Stone Soup Books

January is National Soup Month and us grups (that’s grown ups for you non Star Trek fans) have eaten soup several times during the month (MBS is a very picky eater). While he wouldn’t eat any of the soups he has enjoyed reading about the folk tale stone soup.

First we read The Real Story of Stone Soup written by Ying Chang Compestine & illustrated by Stéphane Forisch. This clever version of the tale is told from the point of view of a fisherman, who describes himself as hardworking and his 3 nephews as lazy when the pictures show a different story. When they stop on a beach to make lunch his nephews fool him into believing they are making soup just from stones, when in fact they are distracting him and adding other ingredients. It is a cute story and the illustrations nice but it really went over MBS’s head, to get the humor you have to be able to examine the pictures and see what is happening and he’s just not there yet.

Our second stone soup tale was Stone Soup retold & illustrated by Jon J Muth. This version of the tale has 3 monks coming to a village that had survived many hard times, making the villagers weary and untrusting, and only took care of themselves. This story wasn’t about the monks tricking the villagers into making the food so much as them bringing happiness and caring back into the villagers lives. It was a lovely story and the author’s note at the end has information about Buddha story tradition’s and traditional Chinese folklore and culture.

Our final version of stone soup was Fox Tale Soup written by Tony Bonning & illustrated by Sally Hobson. This is the more traditional tale of the trickster getting a free lunch and it was our favorite of the three versions. The trickster in this version is a fox who stops by a farm on his travels and asks if they can spare any food, of course all the farm animals say no. So the fox decides to make himself stone soup. What made this book the best? The illustrations!!!! Oh my, these are some of the cutest farm animals I’ve seen.

The fox setting up his pot over the fire.
The animals smelling the soup.

Aren’t those chickens the cutest?  Sadly, it is out of print so we’ll just have to remember to get it from the library again.

I’m linking up to There’s a Book for the picture book challenge.

Tot School Owls

Tot School

Mr. Blue Sky is 24 months old.

We had a fun owl themed week. We read some books that featured owls (reviewed here):

  1. A Book of Sleep written & illustrated by Il Sung Na
  2. Little Owl Lost written & illustrated by Chris Haughton
  3. Wow! Said the Owl written & illustrated by Tim Hopgood
  4. Whoo Goes There? written by Jennifer A Ericsson & illustrated by Bert Kitchen
  5. Oliver’s Wood written & illustrated by Sue Hendra

We got a set of Do-A-Dot markers (reviewed here) and MBS had a blast drawing with them. At DLTK, I printed out  a rhyme, owl coloring sheets, and a neat paper bag craft. MBS decorated all of them with his new markers.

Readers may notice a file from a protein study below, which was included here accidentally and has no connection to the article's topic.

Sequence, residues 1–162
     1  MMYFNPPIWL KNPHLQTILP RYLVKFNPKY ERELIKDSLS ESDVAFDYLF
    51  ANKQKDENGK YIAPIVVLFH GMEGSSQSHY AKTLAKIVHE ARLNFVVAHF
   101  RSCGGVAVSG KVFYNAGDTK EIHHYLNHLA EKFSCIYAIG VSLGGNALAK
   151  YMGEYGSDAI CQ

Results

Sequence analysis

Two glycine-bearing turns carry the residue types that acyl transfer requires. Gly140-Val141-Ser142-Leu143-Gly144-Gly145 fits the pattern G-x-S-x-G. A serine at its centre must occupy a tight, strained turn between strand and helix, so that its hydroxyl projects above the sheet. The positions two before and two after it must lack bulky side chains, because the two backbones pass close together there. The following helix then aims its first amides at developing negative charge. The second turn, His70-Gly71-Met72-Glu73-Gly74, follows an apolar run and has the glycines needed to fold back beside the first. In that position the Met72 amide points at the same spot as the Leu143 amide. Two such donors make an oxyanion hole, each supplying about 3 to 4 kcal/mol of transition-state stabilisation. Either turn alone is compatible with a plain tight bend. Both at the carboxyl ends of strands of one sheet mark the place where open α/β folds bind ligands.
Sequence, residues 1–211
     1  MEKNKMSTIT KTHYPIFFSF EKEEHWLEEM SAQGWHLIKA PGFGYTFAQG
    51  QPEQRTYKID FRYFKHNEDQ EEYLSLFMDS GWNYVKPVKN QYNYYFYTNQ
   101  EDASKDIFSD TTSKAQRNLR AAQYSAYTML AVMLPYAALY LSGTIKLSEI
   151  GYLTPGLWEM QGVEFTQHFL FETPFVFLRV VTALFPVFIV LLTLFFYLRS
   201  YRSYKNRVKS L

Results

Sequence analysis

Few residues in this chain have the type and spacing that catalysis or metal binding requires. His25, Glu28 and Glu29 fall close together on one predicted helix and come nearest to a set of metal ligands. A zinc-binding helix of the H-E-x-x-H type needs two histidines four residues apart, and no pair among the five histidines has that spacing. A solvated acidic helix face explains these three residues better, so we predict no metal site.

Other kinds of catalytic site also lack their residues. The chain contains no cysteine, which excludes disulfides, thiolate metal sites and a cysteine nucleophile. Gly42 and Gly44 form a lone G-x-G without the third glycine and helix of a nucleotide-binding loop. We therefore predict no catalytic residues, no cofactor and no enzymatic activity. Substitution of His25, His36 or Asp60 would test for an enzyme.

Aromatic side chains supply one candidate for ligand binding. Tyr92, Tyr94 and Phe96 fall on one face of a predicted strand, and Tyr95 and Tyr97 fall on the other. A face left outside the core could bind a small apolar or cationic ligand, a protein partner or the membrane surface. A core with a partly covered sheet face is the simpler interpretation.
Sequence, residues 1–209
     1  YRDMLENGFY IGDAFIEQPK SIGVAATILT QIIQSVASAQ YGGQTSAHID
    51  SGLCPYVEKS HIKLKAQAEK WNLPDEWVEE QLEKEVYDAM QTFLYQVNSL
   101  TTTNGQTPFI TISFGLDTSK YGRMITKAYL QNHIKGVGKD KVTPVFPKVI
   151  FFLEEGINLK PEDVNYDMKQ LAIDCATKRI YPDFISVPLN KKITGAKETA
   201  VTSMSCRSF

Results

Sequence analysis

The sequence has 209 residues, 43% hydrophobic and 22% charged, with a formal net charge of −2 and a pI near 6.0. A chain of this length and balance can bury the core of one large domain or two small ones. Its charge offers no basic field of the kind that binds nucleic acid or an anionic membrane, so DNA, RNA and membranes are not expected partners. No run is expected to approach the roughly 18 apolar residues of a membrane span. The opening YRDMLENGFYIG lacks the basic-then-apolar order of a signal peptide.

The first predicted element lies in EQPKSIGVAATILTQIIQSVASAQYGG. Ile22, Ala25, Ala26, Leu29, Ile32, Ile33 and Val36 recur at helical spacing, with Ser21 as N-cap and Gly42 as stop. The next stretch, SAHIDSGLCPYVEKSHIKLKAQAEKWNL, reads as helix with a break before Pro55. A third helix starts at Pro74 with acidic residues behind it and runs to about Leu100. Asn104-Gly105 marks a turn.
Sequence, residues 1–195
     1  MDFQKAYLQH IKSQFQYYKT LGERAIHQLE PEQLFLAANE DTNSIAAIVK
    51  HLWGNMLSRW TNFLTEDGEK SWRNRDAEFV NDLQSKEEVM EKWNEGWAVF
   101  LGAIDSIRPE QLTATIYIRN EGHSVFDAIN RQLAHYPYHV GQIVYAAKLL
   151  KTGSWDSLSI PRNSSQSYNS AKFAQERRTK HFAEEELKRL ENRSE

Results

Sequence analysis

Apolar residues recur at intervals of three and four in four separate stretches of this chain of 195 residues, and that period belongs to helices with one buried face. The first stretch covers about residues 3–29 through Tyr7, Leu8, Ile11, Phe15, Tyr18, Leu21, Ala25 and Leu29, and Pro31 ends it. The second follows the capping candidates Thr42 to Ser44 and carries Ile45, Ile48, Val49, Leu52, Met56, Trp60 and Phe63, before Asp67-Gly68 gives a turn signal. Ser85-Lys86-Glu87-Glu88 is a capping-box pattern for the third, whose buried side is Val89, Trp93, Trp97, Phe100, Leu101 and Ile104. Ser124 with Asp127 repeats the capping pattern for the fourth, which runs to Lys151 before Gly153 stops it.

O is for Owl
Decorating the owl puppet parts.
Paper bag owl.
He likes it!
Coloring owls with Do-A-Dot markers.

We also made some O’s, using printout from Confessions of a Homeschooler and hand drawn O’s.

Trying hard to dot in the circles.
Following Momma's lines.

I read about making your own lacing cards on Tot School. I cut out one of the owl shapes from a coloring sheet and used that as a pattern to cut and owl out of a piece of foam. This was MBS first time doing any lacing and he was easily frustrated but had a blast making the foam owl play with his stuffed owl.

Trying to lace the owl.
Getting frustrated.
Making the owl hoot.
Playing with his two owls.

As a wrap up to our owl week I made some owl cookies. I used ideas from here and here to make them.

Owl cookies.
Must pluck eyeballs first (he LOVES m&m's).
Yummy!

We had a fun week. To see what others are doing visit 1+1+1=1.

Do-A-Dot

This month I was able to use two 40% off coupons at Michael’s Craft Store. I used one on a new puzzle for MBS and the other on a set of Do-A-Dot markers. MBS has been loving using these markers, though he tends to overly bang them down and also soak the paper. I like that so far he can’t open the cap on his own, so no worries of finding him using them when I wasn’t planning on them being out.

MBS liked helping to shake them.

Shaking the new marker.

He liked trying to get in the circle.

Working on the letter O.

And he liked painting his face with them.

What Momma?

Unfortunately Do-A-Dot markers are NOT as easily washed off as Crayola’s Washable Markers. It’s mostly cleaned up but you can still see faint “smudges” where the marker was. All in all they seem like a great product but need supervision if your child is the kind to paint their face (or anything other than the paper).

Owl Books

MBS has been having an owl theme week, it’s a theme we keep returning to since owls seem to be one of his favorite animals. Our favorite owl book of the week wasn’t really about owls, it was about sleep.

A Book of Sleep written & illustrated by Il Sung Na was a truly lovely book.  The book follows an owl who watches as other animals fall asleep. The text was brief and the the imagery of the book was charming and unique. I was really surprised that MBS liked this book, the owl isn’t the main focus and isn’t very realistically drawn but he asked for this book again and again this week.

Our next owl book was Little Owl Lost written & illustrated by Chris Haughton. Due to a good review, this book was supposed to be one of MBS birthday gifts. But it was out of stock when we were doing our birthday order, and I’m glad it was. It is a cute little story about an owlet who falls from the nest and is lost. Other forest animals try to help him find his mom but his descriptions of her keep leading them to other animals. The story is cute, illustrations clever, why am I glad we didn’t buy it? The color scheme of the illustrations and the odd font used for the text really bothered me– physically. I got a headache reading this book to MBS!